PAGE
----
The origin of the common phrase “ohayou gozaimasu” (meaning “good morning”)

By | June 15, 2023

When learning a foreign language, students will often memorize basic everyday greetings such as “konnichi wa” (“good afternoon”), “oyasumi nasai” (good night), and “ohayou gozaimasu” (“good morning”). But often students will not understand what these phrases literally mean, or where they originated from. In this post I want to take a look at the last of these, “ohayou gozaimasu”, which is often written in hiragana as おはようございます, or sometimes with a mix of kanji and hiragana as お早うございます.

Actually, seeing the kanji “早” gives us an initial hint to where the expression comes from. This kanji means “early”, and is normally used in words like 早い (hayai) which is an i-adjective that means “early”. However it is a little unclear where the “お” (o) came from, and the why it is “hayou” instead of “hayai”.

There are actually several different theories as to the origin of this phrase (reference), but one of the most common is that it came from the world of Kabuki, a classical form of Japanese theater that is still performed today. It is said that おはようございます is a shortening of the phrase お早いお着きでございます (ohayai otsuki de gozaimasu).

This phrase itself is a bit complex so let’s go over the parts:

  • お (o): polite prefix for the subsequent word
  • 早い (hayai): early (i-adj)
  • お (o): polite prefix for the subsequent word
  • 着き (tskui): form of 着く(tsuku), meaning “to arrive”
  • でございます (de gozaimasu): a classical verb that isn’t used that commonly in modern everyday Japanese that is equivalent to “desu” or “dearu” (meaning “is”, “are”, etc.).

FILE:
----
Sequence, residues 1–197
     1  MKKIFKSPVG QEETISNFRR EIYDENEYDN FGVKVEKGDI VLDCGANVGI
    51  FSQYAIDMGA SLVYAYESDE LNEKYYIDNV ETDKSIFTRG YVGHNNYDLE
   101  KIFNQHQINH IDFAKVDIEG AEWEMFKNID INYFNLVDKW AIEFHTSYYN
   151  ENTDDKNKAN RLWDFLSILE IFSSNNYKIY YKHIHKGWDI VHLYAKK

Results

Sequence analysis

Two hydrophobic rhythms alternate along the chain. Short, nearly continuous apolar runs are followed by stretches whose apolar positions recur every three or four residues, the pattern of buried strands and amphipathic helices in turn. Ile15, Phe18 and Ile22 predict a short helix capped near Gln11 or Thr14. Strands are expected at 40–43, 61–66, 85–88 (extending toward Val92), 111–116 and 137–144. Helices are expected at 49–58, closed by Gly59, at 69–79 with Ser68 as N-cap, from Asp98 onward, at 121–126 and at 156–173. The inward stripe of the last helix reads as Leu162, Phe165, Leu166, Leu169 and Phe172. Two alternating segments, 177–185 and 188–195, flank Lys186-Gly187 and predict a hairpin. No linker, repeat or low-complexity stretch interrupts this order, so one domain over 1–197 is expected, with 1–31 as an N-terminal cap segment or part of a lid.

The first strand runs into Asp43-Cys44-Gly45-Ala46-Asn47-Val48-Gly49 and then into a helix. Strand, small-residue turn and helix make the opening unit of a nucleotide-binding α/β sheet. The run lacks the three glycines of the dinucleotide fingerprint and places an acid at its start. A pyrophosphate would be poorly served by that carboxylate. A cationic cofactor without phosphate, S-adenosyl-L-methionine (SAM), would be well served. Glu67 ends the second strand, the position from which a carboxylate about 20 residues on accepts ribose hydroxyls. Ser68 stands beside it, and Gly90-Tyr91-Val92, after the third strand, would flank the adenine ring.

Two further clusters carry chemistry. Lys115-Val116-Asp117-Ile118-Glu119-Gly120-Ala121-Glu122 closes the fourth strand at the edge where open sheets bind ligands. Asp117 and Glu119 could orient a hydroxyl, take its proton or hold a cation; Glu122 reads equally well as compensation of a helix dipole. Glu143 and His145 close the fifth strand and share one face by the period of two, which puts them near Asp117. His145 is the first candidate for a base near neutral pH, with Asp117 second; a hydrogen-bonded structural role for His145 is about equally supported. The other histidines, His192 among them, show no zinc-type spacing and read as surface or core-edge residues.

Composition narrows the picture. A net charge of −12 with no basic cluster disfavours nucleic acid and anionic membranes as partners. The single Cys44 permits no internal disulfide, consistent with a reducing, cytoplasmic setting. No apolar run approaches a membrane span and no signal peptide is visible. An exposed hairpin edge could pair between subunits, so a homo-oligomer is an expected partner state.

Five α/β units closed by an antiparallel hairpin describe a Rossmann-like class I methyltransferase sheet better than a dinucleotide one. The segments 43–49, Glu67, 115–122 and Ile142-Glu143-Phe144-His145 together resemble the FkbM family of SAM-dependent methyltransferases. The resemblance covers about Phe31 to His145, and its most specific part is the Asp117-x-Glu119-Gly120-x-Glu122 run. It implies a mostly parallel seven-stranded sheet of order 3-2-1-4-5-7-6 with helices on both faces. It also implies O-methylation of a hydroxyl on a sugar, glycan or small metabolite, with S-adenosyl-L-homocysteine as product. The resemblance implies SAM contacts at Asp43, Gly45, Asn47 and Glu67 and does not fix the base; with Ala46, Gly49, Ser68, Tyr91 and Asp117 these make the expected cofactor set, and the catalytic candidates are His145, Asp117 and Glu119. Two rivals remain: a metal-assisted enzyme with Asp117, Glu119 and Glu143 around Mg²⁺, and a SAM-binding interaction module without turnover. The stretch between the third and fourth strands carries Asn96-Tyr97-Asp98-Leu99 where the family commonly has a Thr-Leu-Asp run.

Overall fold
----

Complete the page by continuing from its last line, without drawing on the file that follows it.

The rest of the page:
So literally this long phrase means something like “It is (a) early arrival.”

To understand this a bit better, Kabuki involves a lot of preparation for makeup and other things, and Kabuki performers had to come many hours ahead of time to the venue in order to prepare. So the theory is that “ohayai otsuki de gozaimasu” was said to certain Kabuki performers since they had likely come much earlier in the day.

The shortening おはようございます (ohayou gozaimasu) doesn’t really literally make sense on it’s own (even when considering that “gozaimasu” means “arimasu” (to exist)), and can only be understood as a shortening of the longer phrase “お早いお着きでございます”.

I wanted to give a few other comments about “ohayou gozaimasu” while we are talking about this phrase. First, as you might guess from the polite “o” and the polite “masu” ending, this is a polite phrase that can be safely said to superiors or elders. The more casual “ohayou” should be used primarily with those you are very familiar with (or a lower status level), however.

Also, fundamentally “ohayou gozaimasu” is used in the morning, and as a rule you can safely use it until around 10 a.m. After that, “konnichi wa” (or another greeting) would be more appropriate.

Finally, greetings like this (called “aisatsu” in Japanese) can be viewed to have a higher importance than they do in countries like in the U.S. For example they can have the nuance of building or maintaining a healthy relationship with another person. For more info on this, check out this article.

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